Mental health justice has been spoken about before in the sense of making mental health services more accessible, inclusive, equitable and just which is certainly needed. However, I argue that we need to go beyond this towards mental justice. Because when an individual from a vulnerable social identity (of gender, caste, class, sexuality, nationality, and so on), experiences any kind of mental health issue, such as an illness, distress, or imbalance, the root causes of this condition can be found in the injustice, discrimination or violence that they have faced directly or indirectly because of being a part of said minority community. Mental justice therefore is important; when we speak of mental health, it remains limited to the treatment of an individual, but when we speak of these communities, we cannot speak of their mental health on only an individual basis—we need to realise that the constant violation of justice that they face in social, political, economic and every other field impacts their communal, collective as well as individual mental health. The response to such mental health impact too needs to come from a space of justice—which comes from our Constitution. Mental Justice is when individuals and communities are able to access their rights of development, opportunities, participation, leadership, and other rights in a dignified and non-discriminatory manner that the Constitution safeguards. 

History of the Mental Oppression of NT-DNTs

The historical oppression of NT-DNTs started with passing the Criminal Tribes Act in 1871 by British rulers, forcing these communities into migration, their land and homes snatched away, and the label of criminality forced onto them. This was revenge for being one of the first who had risen up for Independence against British rule in India.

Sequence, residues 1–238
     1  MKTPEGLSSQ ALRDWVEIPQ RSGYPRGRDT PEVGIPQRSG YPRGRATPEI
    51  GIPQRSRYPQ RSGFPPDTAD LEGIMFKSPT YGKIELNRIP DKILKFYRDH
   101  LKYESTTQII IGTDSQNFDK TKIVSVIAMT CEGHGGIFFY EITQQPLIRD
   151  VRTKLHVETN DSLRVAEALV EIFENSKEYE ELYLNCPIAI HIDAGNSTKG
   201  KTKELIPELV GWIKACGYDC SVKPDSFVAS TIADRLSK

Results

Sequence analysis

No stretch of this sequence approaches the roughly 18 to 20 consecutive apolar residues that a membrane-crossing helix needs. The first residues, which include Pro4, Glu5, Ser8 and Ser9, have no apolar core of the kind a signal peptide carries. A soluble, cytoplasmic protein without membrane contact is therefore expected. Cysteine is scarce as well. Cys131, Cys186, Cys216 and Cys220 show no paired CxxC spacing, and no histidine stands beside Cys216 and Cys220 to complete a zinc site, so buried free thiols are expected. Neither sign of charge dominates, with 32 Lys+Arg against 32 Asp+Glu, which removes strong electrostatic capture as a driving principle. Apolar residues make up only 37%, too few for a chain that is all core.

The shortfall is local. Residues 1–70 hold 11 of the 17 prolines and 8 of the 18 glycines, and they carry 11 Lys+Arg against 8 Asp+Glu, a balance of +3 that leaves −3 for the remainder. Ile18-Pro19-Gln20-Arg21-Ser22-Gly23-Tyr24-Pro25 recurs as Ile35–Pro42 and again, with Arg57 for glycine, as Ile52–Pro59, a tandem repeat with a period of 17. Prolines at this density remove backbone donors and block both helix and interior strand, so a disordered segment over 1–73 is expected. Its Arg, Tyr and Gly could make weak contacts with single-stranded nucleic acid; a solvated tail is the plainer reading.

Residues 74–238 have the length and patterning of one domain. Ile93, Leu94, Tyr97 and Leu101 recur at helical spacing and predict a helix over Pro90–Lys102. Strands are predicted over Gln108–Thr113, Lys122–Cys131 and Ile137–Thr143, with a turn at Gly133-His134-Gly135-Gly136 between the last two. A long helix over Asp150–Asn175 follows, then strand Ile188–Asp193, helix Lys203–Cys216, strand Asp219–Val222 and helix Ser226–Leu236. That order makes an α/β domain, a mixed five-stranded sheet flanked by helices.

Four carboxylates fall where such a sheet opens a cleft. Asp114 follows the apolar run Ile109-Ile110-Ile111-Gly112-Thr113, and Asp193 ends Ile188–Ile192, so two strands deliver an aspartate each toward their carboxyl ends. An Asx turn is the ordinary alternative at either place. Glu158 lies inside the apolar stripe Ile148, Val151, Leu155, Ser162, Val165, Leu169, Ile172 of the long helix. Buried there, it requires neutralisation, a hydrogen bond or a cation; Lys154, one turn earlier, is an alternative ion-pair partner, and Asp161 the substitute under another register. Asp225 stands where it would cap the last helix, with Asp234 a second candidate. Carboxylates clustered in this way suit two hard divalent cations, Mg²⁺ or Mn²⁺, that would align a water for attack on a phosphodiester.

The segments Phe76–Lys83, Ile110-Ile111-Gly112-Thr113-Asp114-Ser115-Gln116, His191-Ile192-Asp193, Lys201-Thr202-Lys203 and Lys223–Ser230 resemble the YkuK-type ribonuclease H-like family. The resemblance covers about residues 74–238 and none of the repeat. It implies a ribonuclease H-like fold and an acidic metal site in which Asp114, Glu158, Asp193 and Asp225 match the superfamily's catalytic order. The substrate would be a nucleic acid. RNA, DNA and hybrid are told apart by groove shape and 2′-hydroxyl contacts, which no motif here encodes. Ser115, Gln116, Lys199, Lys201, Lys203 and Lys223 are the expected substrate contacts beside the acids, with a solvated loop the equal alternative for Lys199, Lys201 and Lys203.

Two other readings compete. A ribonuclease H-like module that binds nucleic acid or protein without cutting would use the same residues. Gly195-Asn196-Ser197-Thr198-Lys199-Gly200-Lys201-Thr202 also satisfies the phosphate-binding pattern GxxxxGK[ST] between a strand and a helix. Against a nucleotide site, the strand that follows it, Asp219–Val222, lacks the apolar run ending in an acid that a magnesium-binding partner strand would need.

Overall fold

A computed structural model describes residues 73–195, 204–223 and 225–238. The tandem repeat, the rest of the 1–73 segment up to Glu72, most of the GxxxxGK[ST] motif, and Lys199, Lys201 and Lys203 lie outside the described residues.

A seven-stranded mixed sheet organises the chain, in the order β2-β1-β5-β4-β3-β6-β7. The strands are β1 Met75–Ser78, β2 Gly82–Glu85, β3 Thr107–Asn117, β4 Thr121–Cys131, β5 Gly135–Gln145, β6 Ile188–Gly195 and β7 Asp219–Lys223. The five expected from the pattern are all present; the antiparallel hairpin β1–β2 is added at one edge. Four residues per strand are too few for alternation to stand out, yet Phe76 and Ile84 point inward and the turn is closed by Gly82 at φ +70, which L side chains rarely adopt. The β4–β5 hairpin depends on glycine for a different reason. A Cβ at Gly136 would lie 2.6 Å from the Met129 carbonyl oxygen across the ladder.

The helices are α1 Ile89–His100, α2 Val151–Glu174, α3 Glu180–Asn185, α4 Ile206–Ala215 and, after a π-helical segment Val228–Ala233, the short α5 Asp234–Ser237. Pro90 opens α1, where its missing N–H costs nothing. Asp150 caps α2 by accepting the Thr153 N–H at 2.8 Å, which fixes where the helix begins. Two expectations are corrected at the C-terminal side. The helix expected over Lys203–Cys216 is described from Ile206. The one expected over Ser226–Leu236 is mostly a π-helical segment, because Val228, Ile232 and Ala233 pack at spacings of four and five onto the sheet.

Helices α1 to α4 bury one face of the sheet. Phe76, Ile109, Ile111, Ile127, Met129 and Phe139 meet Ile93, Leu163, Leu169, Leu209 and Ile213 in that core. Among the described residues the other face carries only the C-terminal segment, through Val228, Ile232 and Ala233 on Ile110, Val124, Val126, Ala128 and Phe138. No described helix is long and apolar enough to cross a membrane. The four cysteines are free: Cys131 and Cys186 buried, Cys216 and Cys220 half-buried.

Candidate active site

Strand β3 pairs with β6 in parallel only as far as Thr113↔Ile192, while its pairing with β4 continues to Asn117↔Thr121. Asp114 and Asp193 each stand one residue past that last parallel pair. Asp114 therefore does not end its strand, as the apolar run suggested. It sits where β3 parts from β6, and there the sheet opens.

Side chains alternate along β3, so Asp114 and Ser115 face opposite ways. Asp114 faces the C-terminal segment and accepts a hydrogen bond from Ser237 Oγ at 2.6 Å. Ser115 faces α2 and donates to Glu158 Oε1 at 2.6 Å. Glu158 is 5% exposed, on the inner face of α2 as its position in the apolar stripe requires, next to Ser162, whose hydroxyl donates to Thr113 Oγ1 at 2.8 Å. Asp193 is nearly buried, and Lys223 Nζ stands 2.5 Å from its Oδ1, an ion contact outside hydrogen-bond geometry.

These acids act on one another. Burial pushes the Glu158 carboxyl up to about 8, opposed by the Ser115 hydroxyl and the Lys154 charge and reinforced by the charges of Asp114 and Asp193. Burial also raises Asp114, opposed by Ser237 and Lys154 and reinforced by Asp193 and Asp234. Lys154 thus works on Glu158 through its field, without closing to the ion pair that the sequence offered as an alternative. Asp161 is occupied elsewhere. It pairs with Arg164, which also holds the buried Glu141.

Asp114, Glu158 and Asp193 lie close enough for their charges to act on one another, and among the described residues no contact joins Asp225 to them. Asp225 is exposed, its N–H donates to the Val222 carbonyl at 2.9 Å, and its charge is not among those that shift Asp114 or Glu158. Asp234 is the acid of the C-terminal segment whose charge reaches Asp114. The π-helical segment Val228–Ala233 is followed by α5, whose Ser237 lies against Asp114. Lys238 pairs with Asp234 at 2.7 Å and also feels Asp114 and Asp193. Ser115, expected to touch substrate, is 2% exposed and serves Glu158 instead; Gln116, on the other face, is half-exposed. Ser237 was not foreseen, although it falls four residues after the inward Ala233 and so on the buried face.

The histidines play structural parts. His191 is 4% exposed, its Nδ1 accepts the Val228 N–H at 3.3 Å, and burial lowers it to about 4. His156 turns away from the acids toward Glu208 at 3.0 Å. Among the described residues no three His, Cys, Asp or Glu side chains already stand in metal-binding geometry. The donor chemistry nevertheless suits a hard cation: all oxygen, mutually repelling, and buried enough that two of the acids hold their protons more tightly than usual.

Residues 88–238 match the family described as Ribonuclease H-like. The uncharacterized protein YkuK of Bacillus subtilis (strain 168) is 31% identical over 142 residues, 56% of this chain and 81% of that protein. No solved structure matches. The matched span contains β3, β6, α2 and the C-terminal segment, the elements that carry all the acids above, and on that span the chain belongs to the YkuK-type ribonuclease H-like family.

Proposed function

The subsequent violence inflicted by the British consisted of economic, social, physical and political exploitation (Jenkins 2006). But along with this there was another, that is mental oppression. How else was it possible to forcefully take away the lands of these communities, who were so strong at one time as to decide to rise up against the mighty British? How did they meekly agree to their consequent exploitation? The author’s analysis leads her to believe that any oppression first begins with mental oppression by which communities are made weak mentally and over time made to accept discrimination and violence. That, over generations, mental terror must have been created by overburdening these communities with unending and insurmountable problems, finally forcing them to lose courage.  

From 1871 till today, the NT-DNT communities were one of the first in modern India to lose their independence and be criminalised for dissent. In these 150 years, this community has suffered some of the worst mental injustice in the world. For example, they were forced into constant migration, criminalised by police where they are picked up arbitrarily and even die in police custody (Dhaka and Dhaka 2017), made to undergo various humiliating practices such as restriction of movement of a registered offender to a “restriction area” for up to three years and so on (Sengupta 2009). These, and the methods by which these were enforced, stripped them of all social security and cultural capital, thus robbing them of mental empowerment.